Crittenden County Chamber of Commerce and Crittenden County Lions Club are among those making plans and sending out invitations for people to visit Marion to view or celebrate the first solar eclipse in the continental United States in the last 38 years.
The Lions, who own the fairgrounds, are advertising on the internet that they will rent eclipse enthusiasts a small space to set up a telescope or self-contained camper. There is no power, water or sewer available for campers at the fairgrounds.
Chamber members are promoting a weekend event just ahead of the eclipse.
“We will be having a festival at our park on Saturday, Aug. 19 centered around the solar eclipse,” said Angel Henry, vice president of the Chamber. “Several of us attended a regional meeting (last week) and left with tons of valuable information to make our festival a success. We plan to have live music, contests and will end the day with an outdoor viewing of the movie ‘ET’.”
A backdrop to all the planning for these opportunities is a bit of concern from Crittenden County Emergency Management and other groups responsible for safety, transportation and other human needs. There are some who think a mass influx of thousands would create major traffic jams, consume all available fuel, overload cellular networks and create a significant, perhaps even crippling, stress on other limited resources.
Some schools in the area have already announced they will be closed on the day of the eclipse, Aug. 21, but Crittenden County is currently planning to stay on a normal course. School Transportation and Safety Director Al Starnes said the district has purchased 1,300 pairs of glasses for students to safely view the eclipse.
“We think this is a great opportunity for our students. We have activities planned in order to make it educational.
“We are listening and hearing what is being said, but right now we feel like our best option is to not close school,” Starnes said.
Keith Todd, spokesperson for the Kentucky Transportation Cabinet, said state transportation officials are anticipating a potential swamping of major roads and highways.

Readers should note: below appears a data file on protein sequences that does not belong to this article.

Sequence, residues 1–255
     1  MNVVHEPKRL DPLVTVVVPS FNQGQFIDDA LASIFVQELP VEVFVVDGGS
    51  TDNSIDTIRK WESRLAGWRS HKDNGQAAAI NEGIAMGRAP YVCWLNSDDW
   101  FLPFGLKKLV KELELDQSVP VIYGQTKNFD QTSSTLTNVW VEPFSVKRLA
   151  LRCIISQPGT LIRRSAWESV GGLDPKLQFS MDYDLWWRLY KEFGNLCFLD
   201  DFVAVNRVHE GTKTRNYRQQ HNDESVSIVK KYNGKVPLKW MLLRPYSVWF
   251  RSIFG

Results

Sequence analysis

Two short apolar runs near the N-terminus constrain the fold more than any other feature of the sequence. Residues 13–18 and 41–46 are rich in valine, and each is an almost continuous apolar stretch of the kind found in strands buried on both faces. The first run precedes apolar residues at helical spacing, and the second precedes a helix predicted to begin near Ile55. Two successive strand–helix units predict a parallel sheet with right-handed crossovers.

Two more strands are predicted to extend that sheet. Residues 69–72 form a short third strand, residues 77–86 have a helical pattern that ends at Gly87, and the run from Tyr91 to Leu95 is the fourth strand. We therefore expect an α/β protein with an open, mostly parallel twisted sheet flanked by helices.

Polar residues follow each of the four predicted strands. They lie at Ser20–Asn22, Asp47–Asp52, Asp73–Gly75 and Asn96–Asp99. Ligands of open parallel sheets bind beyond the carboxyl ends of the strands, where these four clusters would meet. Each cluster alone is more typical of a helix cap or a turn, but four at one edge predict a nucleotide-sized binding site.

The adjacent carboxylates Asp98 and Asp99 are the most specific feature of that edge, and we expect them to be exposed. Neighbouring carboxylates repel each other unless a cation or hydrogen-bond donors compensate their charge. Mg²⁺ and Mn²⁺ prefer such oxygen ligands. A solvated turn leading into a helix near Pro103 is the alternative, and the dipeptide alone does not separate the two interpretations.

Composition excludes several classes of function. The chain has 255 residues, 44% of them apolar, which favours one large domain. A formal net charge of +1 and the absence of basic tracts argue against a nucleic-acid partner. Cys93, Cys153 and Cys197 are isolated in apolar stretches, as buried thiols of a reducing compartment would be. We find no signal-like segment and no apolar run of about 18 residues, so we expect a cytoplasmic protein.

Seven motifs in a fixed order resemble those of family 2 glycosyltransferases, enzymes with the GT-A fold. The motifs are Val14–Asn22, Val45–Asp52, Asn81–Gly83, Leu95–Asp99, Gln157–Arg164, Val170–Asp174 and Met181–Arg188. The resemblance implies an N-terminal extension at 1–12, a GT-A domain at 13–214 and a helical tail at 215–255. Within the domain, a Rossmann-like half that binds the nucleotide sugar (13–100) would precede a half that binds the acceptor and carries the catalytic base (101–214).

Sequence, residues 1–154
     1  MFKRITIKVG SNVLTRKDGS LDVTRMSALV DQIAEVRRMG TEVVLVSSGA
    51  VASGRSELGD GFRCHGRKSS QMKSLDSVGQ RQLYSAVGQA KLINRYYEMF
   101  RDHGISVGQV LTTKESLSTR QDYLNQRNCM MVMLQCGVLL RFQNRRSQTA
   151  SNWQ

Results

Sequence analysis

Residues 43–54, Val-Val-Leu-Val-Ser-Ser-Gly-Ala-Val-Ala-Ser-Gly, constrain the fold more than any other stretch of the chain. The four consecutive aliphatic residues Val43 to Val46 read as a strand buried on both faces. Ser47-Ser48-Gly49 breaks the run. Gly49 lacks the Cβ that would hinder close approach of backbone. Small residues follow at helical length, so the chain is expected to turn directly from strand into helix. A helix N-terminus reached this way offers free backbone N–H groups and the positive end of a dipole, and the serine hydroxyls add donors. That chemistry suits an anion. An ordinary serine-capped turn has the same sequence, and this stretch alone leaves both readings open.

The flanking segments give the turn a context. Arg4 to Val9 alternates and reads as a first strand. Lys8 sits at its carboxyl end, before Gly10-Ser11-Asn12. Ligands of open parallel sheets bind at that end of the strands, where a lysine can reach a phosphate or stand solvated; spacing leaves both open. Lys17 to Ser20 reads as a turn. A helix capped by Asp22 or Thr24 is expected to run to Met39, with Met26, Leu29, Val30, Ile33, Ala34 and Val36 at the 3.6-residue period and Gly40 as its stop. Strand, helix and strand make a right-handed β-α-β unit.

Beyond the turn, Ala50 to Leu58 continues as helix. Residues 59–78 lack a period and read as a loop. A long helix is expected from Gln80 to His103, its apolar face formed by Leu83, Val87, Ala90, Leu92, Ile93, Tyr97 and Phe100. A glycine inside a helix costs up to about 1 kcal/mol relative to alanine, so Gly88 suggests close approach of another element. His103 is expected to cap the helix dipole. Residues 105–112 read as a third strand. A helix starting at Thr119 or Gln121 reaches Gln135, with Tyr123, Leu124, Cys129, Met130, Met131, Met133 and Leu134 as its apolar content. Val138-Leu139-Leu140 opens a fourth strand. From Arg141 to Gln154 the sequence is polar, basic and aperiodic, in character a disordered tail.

“We’re looking at this like they handle coastal evacuations during hurricanes,” Todd said. “We handled major events in Kentucky like the Equestrian Games, Kentucky Derby and auto races, so we have some expertise.”
Todd said there is potential for gas stations running out of fuel and bottled water being scarce because the event will be in August when temperatures in Kentucky can reach triple digits.
“We are looking at billboards that will tell people they can’t stop on the sides of the highways,” he said.
If there is a major overload on the infrastructure and resources, Crittenden County Emergency Management Director David Travis said Crittenden County will be on its own. He said other outside resources, such as assistance from the National Guard or other government entities, will not be immediately available.
“They are telling us we will be on our own for the first 72 hours,” he said. “If we get 2,500 to 3,000 people in the community, we would be swamped.”
Of course, no one knows yet when the guests will start showing up.
Fred Brown, another emergency management official for the county, said many jurisdictions are already trying to declare a state of emergency in order to trigger funding and response mechanism.
“Our No. 1 concern in this county is road blockage,” Brown said. “We have two-lane roads, and if drivers pull off the side to watch this, it could choke traffic and create accidents. If people get stuck here, we have nowhere to put them.”
Right now, it’s too difficult to predict what can be expected when the skies go dark, but one thing is for sure, local leaders are starting to worry a bit and to plan for the worst.